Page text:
Determinants of Conflicts Coping Strategies among Farmers and Pastoralists in Kilosa and Kiteto Districts, Tanzania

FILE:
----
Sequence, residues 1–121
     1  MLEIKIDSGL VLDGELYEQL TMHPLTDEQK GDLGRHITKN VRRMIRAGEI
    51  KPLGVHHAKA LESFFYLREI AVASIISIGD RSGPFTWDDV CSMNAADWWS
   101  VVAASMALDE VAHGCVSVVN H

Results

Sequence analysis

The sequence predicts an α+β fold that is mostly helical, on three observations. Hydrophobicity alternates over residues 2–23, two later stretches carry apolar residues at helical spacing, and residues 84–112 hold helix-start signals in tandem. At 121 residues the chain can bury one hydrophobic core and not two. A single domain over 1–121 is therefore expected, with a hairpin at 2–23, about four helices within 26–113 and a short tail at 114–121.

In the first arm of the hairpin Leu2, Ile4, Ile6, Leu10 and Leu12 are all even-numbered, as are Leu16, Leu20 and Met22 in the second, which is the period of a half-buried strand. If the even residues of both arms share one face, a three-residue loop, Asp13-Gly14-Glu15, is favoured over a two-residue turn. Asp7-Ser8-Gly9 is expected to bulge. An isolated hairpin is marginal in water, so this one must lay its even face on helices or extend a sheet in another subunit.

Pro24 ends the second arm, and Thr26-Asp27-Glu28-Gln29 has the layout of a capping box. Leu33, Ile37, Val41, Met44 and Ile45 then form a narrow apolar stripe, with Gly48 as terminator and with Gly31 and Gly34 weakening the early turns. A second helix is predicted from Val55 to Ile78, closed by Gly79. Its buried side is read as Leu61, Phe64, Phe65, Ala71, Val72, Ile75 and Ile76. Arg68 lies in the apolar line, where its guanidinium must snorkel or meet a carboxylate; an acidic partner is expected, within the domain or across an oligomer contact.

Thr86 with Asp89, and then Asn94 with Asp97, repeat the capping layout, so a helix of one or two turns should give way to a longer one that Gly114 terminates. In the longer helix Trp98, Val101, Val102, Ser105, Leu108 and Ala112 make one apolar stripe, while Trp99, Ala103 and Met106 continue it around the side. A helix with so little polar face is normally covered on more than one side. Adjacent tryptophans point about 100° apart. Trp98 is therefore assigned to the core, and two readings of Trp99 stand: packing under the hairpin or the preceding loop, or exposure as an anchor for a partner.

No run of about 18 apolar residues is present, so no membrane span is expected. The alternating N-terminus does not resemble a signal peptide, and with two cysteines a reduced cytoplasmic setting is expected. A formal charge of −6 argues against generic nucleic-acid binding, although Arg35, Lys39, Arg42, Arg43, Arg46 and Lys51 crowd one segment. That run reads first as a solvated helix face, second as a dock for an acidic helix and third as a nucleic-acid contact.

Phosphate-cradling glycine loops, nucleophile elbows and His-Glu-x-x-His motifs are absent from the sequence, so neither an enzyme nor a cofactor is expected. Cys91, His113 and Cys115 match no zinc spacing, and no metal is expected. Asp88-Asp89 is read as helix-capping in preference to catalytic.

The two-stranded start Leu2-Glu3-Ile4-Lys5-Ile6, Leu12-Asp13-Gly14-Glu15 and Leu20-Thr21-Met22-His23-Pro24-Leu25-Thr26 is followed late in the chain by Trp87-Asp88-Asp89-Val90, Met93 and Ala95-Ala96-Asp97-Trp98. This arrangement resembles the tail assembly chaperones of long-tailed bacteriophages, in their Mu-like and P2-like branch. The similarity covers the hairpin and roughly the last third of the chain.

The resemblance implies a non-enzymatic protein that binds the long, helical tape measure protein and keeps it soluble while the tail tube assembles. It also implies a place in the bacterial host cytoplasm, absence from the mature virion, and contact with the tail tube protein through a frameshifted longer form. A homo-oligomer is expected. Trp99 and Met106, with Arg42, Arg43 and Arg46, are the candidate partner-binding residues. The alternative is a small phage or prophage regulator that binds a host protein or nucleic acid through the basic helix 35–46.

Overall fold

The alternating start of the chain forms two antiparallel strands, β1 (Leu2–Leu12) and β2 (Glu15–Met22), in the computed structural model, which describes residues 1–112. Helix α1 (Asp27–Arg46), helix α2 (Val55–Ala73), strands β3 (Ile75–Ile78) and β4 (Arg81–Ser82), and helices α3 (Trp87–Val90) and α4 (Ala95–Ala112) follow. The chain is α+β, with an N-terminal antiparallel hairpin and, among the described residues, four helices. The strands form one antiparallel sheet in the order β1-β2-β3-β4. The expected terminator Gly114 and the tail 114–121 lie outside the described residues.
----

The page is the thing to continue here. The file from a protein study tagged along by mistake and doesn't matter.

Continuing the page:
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ABSTRACT: Natural resource use conflict is a global issue. In sub-Saharan Africa, such conflicts can be extreme; even resulting into deaths of individuals. There is a plethora of literature exploring the causes and effects of such conflicts. The study explored farmers-pastoralists coping strategies to natural resource use conflicts and determinants of these strategies. To answer the above objectives, key informant interviews and focus group discussions were conducted with stakeholders in Kilosa and Kiteto Districts in Tanzania to establish the understanding of the issue and its local context. A stratified random sample of pastoralists (n=143) and farmers (n=230) was selected to quantify responses to conflict. The finding show that conflicts were quite extreme and included cases of physical violence including setting fire on the farms. Those affected were forced to buy food or rely on relatives and wider social networks (including local government) to provide practical support. Emotional support from relatives and social networks and from religious organisations was also important. Male-headed, larger, and younger households were more likely to use coping strategies (p <0.05) than female-headed, smaller, and older households. Also, land ownership is likely to increase the use of strategies for coping with conflicts among households. Therefore, it is recommended that people in the areas affected by conflicts should be encouraged to own land, have proper land planning and use in order to minimize natural resource use conflicts among actors especially farmers and pastoralists. Additionally, the design of rules and regulations should be informed by the actual coping strategies adopted by farmers and pastoralists.